Monday, February 3, 2014

Johannus Ecclesia at St. Thomas' College, Mount Lavinia

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“Hosa-nna in the high-est!” the young tenor sings, pouring his life into a rounded note that swells and cascades from the balcony, reverberating through the chapel hall. Behind and beneath his voice, pushing higher, higher, rises the sound of the organ, painting, as the vocalist falls back, New Jerusalem, from the depths of its twelve foundations to the height of its radiant citadel, in all its sparkling extravagance.

And then, as Neranjan de Silva takes his fingers off the keyboard, there is a sudden silence. The kind of silence that pierces and fills the soul to bursting.

The chapel at St. Thomas’s College, Mount Lavinia is now home to a five-million-rupee digital church organ. The old instrument is on its way out and sub warden Rev. Marc Billimoria and consultant Neranjan de Silva want to be prepared for when it sings its last. But this investment is not just about being practical.  And it’s more than even simply maintaining a tradition. It’s about giving new life to a unique gift that the prestigious school is already endowed with, and helping the next generation dream bigger.

When de Silva first wanted to learn to play the organ in the 1980s, there was no instrument for him to practice on. Now, as one of the most accomplished sound engineers and organ experts in the country, he wants to make certain that those who come after him will not have the same issue. As coordinator for Johannus Organs, one of the world’s top organ manufacturers, he was instrumental in helping pick the right instrument for St. Thomas’s.

But this is no ordinary organ. The Johannus “Ecclesia” D570 is the largest standard church organ in its range, and at STC is amplified by 21 state-of-the-art speakers. If you’re close enough when the three massive subwoofers are put to work on the lower pitches, you can feel it on your skin. The sound literally shakes the church. To the expert ear though, it is much more than just the decibel output of the instrument.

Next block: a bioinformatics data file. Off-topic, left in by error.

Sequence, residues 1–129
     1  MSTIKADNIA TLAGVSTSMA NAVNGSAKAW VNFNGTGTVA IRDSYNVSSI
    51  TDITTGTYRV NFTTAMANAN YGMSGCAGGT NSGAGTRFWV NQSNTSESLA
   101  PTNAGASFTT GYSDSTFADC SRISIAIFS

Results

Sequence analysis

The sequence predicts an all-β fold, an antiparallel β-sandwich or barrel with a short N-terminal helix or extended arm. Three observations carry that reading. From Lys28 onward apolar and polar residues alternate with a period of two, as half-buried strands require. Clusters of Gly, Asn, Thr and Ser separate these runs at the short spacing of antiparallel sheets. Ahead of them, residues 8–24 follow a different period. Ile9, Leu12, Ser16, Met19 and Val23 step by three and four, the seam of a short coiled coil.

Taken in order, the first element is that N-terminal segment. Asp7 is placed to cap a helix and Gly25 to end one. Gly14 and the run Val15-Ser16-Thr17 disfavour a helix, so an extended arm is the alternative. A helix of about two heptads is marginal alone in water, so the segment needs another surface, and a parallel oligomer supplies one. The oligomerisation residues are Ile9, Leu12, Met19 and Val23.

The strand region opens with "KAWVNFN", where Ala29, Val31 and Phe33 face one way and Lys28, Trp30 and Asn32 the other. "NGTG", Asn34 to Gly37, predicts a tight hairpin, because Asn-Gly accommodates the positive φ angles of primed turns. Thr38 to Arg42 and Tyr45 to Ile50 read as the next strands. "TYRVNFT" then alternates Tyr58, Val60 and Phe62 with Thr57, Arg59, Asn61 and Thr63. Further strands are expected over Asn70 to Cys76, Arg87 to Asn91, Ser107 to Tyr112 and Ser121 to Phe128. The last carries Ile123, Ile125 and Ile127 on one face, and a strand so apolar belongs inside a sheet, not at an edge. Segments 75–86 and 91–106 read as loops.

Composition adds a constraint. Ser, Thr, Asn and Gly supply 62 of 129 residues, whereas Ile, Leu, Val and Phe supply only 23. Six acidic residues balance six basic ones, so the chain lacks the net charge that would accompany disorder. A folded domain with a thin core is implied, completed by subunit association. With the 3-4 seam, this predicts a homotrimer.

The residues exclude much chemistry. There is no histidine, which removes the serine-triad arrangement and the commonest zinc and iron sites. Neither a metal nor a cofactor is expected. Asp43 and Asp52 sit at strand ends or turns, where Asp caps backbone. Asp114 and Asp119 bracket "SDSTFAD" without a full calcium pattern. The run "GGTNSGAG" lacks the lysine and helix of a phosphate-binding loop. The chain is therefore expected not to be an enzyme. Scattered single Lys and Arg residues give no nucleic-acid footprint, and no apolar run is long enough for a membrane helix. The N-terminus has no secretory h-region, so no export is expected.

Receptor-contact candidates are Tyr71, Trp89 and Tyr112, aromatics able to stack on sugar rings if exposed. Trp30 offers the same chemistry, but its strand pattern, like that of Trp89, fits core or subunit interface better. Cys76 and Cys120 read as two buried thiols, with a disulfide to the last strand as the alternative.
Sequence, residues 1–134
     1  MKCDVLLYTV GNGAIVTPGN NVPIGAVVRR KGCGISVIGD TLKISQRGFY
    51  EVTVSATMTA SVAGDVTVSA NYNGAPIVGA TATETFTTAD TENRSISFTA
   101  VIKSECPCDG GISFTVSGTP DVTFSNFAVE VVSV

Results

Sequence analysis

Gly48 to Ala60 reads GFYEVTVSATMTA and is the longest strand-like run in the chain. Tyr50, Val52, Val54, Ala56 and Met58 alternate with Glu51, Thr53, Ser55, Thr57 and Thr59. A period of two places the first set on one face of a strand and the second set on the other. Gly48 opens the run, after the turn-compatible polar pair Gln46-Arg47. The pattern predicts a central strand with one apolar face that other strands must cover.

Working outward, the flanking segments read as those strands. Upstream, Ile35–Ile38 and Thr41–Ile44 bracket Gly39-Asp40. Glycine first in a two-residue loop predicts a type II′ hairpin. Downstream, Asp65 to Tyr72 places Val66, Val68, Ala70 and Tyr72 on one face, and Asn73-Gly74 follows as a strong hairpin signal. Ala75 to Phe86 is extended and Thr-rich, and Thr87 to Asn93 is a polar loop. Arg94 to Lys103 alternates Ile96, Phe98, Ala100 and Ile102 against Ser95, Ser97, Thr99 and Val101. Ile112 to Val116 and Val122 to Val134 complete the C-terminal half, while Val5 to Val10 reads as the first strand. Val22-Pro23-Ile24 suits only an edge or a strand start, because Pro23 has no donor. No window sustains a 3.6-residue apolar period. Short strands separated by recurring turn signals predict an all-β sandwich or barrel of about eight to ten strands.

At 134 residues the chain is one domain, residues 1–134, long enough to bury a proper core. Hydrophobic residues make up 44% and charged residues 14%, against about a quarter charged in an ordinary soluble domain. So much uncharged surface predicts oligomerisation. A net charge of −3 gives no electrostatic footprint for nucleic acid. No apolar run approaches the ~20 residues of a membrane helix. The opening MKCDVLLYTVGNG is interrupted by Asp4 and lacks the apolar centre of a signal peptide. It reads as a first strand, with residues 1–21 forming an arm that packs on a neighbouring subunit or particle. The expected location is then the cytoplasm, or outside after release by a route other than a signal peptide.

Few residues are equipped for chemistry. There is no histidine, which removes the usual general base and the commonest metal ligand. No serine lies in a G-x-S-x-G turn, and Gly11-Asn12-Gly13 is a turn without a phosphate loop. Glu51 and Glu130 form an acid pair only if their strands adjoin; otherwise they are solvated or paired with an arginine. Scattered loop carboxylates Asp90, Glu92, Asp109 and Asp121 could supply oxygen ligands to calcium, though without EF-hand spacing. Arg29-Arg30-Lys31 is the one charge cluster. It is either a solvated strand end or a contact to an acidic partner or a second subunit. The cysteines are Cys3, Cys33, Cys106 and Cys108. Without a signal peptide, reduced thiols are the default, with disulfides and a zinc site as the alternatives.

“If the sound is awful, then that will be coming out of 21 speakers,” points out well known organist Denham Pereira. As he sees (or rather, hears,) it, the improved technology creates a rounder sound, much closer to that of a real pipe organ than he has yet heard produced by a digital organ in Sri Lanka. The final effect? “Wow!”

Sound quality was the first reason de Silva went for a Johannus, but it wasn’t the only reason. The previous (now older) organ at STC is also a Johannus (albeit an older model), and when it first started giving trouble, the manufacturers were exceptionally helpful with putting things right.

De Silva claims that the proximity of the school to the sea, humidity, rats, and even the magnetic fields in the area affect the state of the organ at St. Thomas’s. Repairing it is sometimes “like surgery,” he says, “soldering and taping cables together”. When he finally gave up trying to fix it and shipped the instrument back to Johannus they did the needful free of charge. But the process takes time. Even when having spare parts shipped in, de Silva says, there is a downtime of around a week.

“One day, in the middle of the service, the old one just stopped,” the sub warden chuckles, “and the organist had to come down and start playing on the piano.”

But if a similar situation were to occur, say around December, there would not be much occasion for laughter.

“Here, the highlight of the year is the carol service,” Rev. Billimoria continues. “If the organ goes off, then it’s like Christmas without the Christmas pudding, you know?”

But if it only a practical measure, why such an impressive instrument, with four manuals and 80 voices, you may ask?

As Rev. Mark points out, “this is a living congregation, this is not a performing choir. For the worship that goes on here, we want the best, because we want to offer the best in worship.”

And when de Silva literally pulls out all the stops to demonstrate, there is not likely to be much argument on the definition of “best”. The hip-hop, trance and metal listening generation at St. Thomas’s College, Mount Lavinia, has been presented with the kind of sound that can finally battle the boom-kat coming out of their headphones.

“We were so excited when we saw the speakers,” gleams 18 year-old choir leader Ashwin Shaffter. He believes the choir “worked really hard” to be able to afford the instrument, and is genuinely honoured to be their leader on this occasion.

It is this excitement, this sense of pride among the choristers that de Silva and Rev. Billimoria are most interested in. They hope to shatter the stereotypical image of the old count at his instrument and put in his seat, the tech savvy teenager instead.

“Unless the boys hear that sound and develop an interest for it,” de Silva says, the interest in organ and Anglican choral music will die down. As both he and Rev. Billimoria see it, St. Thomas’s is among the few institutions that continue the Anglican choral tradition, and they have a great responsibility to encourage it.

As the last notes of Michael Maybrick’s The Holy City fade away, the singer, Niran de Mel, catches his breath. It is only the first time he has sung a solo accompanied on this instrument, and in the sparkle of his eyes leaps the little boy from the adage, who after knowing only sticks and mud, was finally shown the seashore.